With the outbreak of COVID-19, many organizations allowed their employees to work remotely for safety reasons. On the one hand, its benefits include less time spent to arrive at work and a more comfortable working environment (PwC says start when you like, leave when you like, 2021). On the other hand, it also presents such disadvantages as the need to focus on self-discipline, resolve emerging group conflicts, and maintain relationships. According to Tietze and Nadin (2011), the transition to home-based work from the office is associated with a more transactional approach to work. When I started working from home, I felt an increased enthusiasm about completing the tasks more effectively. I agree with the authors’ statement that work from home provides an “opportunity to better fit work around their lives rather than fitting their lives around their work” (Tietze and Nadin, 2011, p. 330). When an employee feels that his or her work does not take too much time, they become more likely to experience both job and life satisfaction.
In terms of the social identity theory, various groups are formed in organizations, which can be based either on rational reasons or even hair color. Group conflicts often lead to a high level of inside competition in companies, reducing their productivity and even leading to firm selling, as it was in the case of Lehman Brothers (Raines, 2019). The question that emerges is how remote work caused by COVID-19 impacts employees and group conflicts. From my point of view, remote work largely depends on the psychological characteristics of an employee. For example, it is more comfortable for introverts, who usually need a minimum of communication, while extroverts, as more outgoing people, can suffer from a lack of direct contact with colleagues. As a result, it is possible to anticipate the increase of group conflicts, which would depend on the approach of employees towards the amount of work-related communication.
The age of employees can be another factor determining the appearance and management of group conflicts. In accordance with the theory of generations, remote work seems to more convenient for the younger generation, but, at the same time, it is vital how comfortable this work is for them, how clearly tasks are set, and an algorithm for solving them is given. For the older generation, the problem-solving algorithm is not such important since the decisive factor is computer skills and the ability to work in Internet networks. In addition, Belbin’s team roles should be taken into account to understand how employees would interact with each other and anticipate the conflicts that may occur in certain organizations.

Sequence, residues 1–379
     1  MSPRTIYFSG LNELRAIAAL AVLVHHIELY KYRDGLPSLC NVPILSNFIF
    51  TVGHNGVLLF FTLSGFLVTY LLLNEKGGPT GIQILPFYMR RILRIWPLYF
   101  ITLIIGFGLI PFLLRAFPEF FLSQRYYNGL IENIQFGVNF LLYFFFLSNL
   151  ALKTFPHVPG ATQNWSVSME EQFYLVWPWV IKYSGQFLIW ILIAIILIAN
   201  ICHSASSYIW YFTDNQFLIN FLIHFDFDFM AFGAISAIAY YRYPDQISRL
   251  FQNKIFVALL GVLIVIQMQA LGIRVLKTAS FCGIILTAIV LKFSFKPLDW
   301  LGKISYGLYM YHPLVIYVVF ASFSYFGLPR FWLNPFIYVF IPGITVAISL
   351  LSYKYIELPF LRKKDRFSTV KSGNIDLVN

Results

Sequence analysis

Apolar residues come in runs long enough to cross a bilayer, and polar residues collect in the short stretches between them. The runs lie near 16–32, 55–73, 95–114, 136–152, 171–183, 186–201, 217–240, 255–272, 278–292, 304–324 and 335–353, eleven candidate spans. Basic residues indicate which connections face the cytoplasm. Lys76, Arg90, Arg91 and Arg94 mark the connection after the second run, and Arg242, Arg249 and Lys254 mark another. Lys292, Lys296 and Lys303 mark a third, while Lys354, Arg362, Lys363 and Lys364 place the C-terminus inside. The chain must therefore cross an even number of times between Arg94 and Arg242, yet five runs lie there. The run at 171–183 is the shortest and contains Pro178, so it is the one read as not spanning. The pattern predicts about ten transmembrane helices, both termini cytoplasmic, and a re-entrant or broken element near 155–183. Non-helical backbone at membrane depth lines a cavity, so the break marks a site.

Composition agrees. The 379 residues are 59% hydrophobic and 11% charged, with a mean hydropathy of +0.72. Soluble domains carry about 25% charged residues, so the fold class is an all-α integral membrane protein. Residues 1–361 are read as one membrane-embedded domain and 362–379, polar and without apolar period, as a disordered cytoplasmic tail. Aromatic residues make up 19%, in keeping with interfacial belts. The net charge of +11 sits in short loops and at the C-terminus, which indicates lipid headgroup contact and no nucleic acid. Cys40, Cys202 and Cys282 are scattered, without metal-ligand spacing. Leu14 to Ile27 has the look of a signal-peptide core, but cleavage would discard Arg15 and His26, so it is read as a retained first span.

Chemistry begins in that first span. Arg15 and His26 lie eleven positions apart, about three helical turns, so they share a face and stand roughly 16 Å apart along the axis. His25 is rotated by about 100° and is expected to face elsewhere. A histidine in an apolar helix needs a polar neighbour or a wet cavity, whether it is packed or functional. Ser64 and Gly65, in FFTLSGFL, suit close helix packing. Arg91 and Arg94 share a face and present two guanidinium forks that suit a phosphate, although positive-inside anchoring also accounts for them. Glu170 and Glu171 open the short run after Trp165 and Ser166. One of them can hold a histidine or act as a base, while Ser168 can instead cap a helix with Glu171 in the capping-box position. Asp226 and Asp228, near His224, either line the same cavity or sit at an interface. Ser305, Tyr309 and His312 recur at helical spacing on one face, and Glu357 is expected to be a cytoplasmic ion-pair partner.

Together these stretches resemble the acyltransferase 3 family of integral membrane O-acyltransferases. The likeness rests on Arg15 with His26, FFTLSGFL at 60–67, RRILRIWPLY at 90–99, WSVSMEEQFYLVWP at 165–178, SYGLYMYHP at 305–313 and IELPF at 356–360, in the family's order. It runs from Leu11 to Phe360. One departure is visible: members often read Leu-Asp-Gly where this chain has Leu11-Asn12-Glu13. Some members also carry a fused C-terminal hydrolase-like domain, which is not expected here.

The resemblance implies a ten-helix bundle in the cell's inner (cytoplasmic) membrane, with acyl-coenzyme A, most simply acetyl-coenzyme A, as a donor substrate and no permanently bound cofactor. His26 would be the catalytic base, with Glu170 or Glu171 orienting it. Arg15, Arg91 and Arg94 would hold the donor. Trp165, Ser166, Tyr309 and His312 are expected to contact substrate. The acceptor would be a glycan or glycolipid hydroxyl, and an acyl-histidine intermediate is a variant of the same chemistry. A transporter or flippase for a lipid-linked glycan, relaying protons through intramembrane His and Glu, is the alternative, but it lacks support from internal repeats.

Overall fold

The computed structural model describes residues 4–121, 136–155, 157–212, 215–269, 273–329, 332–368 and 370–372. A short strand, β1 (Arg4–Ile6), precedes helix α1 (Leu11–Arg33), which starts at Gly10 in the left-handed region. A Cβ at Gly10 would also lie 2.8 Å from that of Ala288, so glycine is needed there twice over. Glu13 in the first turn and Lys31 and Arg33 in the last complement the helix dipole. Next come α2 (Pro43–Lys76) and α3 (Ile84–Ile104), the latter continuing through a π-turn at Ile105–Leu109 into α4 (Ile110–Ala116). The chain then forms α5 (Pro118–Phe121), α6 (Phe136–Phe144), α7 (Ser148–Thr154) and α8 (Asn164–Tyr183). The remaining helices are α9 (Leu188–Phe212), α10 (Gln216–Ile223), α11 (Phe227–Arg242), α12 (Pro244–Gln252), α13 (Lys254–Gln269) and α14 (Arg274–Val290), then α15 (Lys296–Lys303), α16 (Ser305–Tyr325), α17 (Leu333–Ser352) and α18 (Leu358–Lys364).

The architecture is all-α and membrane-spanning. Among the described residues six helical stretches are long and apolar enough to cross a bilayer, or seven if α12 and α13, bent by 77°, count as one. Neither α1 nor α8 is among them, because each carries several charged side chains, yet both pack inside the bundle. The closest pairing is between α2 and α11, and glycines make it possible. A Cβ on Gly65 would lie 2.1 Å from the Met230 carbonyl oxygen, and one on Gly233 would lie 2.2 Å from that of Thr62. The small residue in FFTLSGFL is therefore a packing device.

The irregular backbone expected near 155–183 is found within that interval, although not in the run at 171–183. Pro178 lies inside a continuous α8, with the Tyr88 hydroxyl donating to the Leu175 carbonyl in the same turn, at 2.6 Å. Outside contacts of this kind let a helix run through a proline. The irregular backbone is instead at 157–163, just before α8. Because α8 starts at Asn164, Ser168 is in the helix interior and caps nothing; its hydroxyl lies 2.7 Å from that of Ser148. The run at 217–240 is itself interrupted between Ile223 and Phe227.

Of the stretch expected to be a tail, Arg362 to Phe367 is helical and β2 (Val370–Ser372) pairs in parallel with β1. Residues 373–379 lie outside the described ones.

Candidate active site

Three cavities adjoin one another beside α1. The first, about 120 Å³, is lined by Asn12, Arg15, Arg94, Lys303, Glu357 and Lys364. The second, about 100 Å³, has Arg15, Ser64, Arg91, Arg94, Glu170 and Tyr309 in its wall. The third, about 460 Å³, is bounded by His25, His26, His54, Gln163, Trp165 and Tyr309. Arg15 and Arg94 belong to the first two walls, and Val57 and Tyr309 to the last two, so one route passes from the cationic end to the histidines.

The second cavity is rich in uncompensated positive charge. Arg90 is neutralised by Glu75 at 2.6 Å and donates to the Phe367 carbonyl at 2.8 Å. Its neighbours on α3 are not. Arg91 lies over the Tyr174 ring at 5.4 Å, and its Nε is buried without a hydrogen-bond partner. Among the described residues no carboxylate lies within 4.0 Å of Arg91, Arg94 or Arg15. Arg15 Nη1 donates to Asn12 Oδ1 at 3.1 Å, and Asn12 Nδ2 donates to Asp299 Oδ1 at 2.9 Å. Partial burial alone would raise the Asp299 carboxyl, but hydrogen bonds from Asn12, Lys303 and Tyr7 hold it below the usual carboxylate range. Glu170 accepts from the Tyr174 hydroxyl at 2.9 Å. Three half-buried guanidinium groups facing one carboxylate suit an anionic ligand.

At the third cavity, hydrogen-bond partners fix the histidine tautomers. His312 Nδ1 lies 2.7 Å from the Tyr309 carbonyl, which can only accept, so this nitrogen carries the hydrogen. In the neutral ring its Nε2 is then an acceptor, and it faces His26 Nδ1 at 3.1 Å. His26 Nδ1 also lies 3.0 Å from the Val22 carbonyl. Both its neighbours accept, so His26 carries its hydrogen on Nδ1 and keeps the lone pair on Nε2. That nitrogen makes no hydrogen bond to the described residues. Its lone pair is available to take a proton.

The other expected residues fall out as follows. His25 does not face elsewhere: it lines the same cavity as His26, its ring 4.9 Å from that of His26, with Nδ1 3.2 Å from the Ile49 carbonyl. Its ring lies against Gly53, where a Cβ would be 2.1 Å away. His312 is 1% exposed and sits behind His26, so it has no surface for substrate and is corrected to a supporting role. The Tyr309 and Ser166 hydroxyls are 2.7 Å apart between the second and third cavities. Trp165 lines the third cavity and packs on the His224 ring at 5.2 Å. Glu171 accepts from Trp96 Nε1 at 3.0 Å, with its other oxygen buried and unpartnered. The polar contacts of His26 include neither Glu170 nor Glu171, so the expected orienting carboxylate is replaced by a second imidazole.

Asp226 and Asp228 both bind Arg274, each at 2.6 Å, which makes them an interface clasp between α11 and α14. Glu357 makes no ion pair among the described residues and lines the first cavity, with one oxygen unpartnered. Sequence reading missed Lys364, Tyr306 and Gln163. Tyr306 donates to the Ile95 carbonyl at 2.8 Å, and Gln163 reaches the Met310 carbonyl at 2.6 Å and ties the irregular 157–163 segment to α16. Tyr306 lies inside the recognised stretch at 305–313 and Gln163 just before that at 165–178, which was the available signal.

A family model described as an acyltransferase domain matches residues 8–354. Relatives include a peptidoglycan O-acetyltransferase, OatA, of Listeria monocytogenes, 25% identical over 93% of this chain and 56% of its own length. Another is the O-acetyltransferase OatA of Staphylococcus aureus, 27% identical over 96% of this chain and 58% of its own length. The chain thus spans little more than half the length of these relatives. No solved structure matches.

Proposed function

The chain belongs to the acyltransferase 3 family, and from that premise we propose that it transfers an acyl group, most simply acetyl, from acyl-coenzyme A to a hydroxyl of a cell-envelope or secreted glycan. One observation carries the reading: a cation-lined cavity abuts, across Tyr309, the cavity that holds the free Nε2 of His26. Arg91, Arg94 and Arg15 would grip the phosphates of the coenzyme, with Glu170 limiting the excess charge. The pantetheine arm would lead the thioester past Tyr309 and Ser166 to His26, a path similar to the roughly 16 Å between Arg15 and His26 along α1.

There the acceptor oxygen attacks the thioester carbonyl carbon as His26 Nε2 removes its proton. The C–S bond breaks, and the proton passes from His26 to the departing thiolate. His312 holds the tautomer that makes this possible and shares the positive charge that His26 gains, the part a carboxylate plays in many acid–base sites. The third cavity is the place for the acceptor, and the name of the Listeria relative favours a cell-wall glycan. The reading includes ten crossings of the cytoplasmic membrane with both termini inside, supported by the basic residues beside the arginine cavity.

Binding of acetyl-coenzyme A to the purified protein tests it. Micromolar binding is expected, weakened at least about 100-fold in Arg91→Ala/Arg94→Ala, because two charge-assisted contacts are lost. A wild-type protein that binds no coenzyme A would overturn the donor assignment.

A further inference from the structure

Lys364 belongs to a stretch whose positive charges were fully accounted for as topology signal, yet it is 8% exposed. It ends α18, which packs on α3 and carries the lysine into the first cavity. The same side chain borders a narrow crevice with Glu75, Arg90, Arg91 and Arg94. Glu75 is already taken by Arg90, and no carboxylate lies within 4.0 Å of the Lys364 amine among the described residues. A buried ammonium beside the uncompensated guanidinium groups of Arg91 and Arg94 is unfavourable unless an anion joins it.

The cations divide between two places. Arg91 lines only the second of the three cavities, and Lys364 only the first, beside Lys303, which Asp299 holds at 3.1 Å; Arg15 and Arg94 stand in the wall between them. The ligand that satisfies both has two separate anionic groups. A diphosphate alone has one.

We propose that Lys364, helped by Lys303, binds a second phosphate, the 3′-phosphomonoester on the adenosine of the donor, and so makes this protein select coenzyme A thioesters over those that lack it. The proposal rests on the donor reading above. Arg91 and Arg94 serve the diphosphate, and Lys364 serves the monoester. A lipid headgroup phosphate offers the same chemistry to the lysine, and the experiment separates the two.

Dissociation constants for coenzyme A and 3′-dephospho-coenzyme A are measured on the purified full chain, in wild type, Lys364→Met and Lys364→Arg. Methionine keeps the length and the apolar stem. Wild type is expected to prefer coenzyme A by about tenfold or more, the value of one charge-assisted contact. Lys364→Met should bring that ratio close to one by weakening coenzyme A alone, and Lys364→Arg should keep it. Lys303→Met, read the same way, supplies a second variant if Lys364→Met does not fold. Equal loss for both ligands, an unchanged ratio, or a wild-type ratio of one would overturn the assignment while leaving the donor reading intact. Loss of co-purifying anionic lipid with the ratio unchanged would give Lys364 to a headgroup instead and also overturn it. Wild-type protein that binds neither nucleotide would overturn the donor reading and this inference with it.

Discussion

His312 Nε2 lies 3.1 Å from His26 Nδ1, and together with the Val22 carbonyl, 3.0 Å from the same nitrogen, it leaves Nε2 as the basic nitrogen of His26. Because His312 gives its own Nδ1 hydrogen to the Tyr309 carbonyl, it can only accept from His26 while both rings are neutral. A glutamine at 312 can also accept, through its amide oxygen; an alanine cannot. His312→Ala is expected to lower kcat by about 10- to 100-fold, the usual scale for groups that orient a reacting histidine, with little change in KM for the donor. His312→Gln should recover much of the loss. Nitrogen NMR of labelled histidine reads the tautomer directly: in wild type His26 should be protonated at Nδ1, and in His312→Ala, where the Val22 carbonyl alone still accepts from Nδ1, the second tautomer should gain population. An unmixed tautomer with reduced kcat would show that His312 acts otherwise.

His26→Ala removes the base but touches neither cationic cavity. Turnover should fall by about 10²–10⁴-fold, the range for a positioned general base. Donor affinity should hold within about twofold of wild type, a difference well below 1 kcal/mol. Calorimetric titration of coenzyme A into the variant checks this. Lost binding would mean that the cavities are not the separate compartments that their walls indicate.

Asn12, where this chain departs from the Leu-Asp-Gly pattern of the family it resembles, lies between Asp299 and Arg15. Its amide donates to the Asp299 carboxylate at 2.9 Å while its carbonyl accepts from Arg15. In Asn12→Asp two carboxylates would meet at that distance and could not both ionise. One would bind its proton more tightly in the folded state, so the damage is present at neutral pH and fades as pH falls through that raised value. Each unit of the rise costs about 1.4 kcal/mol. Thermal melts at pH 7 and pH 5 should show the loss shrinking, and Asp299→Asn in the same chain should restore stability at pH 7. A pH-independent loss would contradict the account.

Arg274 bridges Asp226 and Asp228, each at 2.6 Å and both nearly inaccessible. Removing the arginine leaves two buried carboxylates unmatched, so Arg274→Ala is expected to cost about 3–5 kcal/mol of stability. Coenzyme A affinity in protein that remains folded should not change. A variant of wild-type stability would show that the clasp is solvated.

A conflict within a group often arises if the leader changes or a new person joins the company. As my practice shows, all groups set their own unspoken rules of conduct, and each participant chooses his or her place. When any change occurs, it disturbs the order and causes group conflict situations. Change initiatives can also involve job redesign that can be perceived as threatening the autonomy of some group members (Nadin, Waterson, and Parker, 2001). Another example is the redesign of the equipment, when some employees may be comfortable with it, but others express resistance to changes. The conflicts between groups usually lead to negative consequences, such as leaving the company or at least changing positions. Compared to personal workplace conflicts that have a higher degree of productivity, inter-group conflicts are mostly destructive. It can probably be explained by the need for structural changes to resolve such conflicts, as well as formulating and accepting a common vision for the future.
The behaviors of leaders can serve as another reason for conflicts, likewise in the case of Priti Patel, a British politician working as Home Secretary. An investigation began by Alex Allen, an independent advisor to Ministers’ interests, who found that Priti Patel was “annoyed” by the lack of responsiveness of senior officials in her ministry and used bullying towards civil servants. In this regard, as established by the investigation, Patel repeatedly swore and shouted at officials, which is consistent with the definition of bullying at work (Grierson, 2020). This is the violation of the ministerial code of conduct, which was faced, however, with minimal disciplinary procedures. It would be better if some more significant measures would be applied to prevent similar cases in the future.
When it comes to my experience, I can remember an example of a useful inter-group conflict simulation. An example of a conflict that is useful for a company can be the so-called positional conflict, when in the structure of an organization for divisions opposing, competing goals were deliberately formed, resulting in an objective confrontation. This positional conflict enabled the management to more objectively assess the actions of the groups since they are looking for more perfect arguments for their solvency in the confrontation and are developing new technologies. In other words, such a conflict created constructive tension that was beneficial to the organization. Cooperation as a solution is possible only if it is a valued common goal and if it is supported by a psychological contract and social norms (Raines, 2019).
Although much was done by trade unions, non-governmental organizations, and social movements to achieve equality in the workplace, cultural, ethnic, and other minority groups still face bullying, harassment, and other forms of inappropriate behaviors. For example, one can note the allegations of African-American students against the Cardiff University about being racially profiled (Adey, 2021). Another example refers to the Acas discussion paper on workplace bullying, in which the definition, conditions, and handling methods remain unclear (Weiss and Morgan, 2016). It seems that the main problem is not only to make the workplaces safer and equal but understand the reasons and expressions of bullying, thus logically moving to coping techniques.
In my practice, I have observed a number of cases where HR managers practiced inappropriate behaviors towards applicants and employees. Being the frontline workers of any company, they are expected to translate the organizational culture by sharing a company’s vision and mission so that applicants can fit their expectations and the offer. However, the group interviews that are often used by HR managers showed me that they could be the persons who support bullying. For example, I noted regular and unjustified claims along with vague criticism. The successes previously achieved by applicants were completely ignored. All new ideas were blocked, and even if HR managers asked questions, they did not give enough time to answer properly.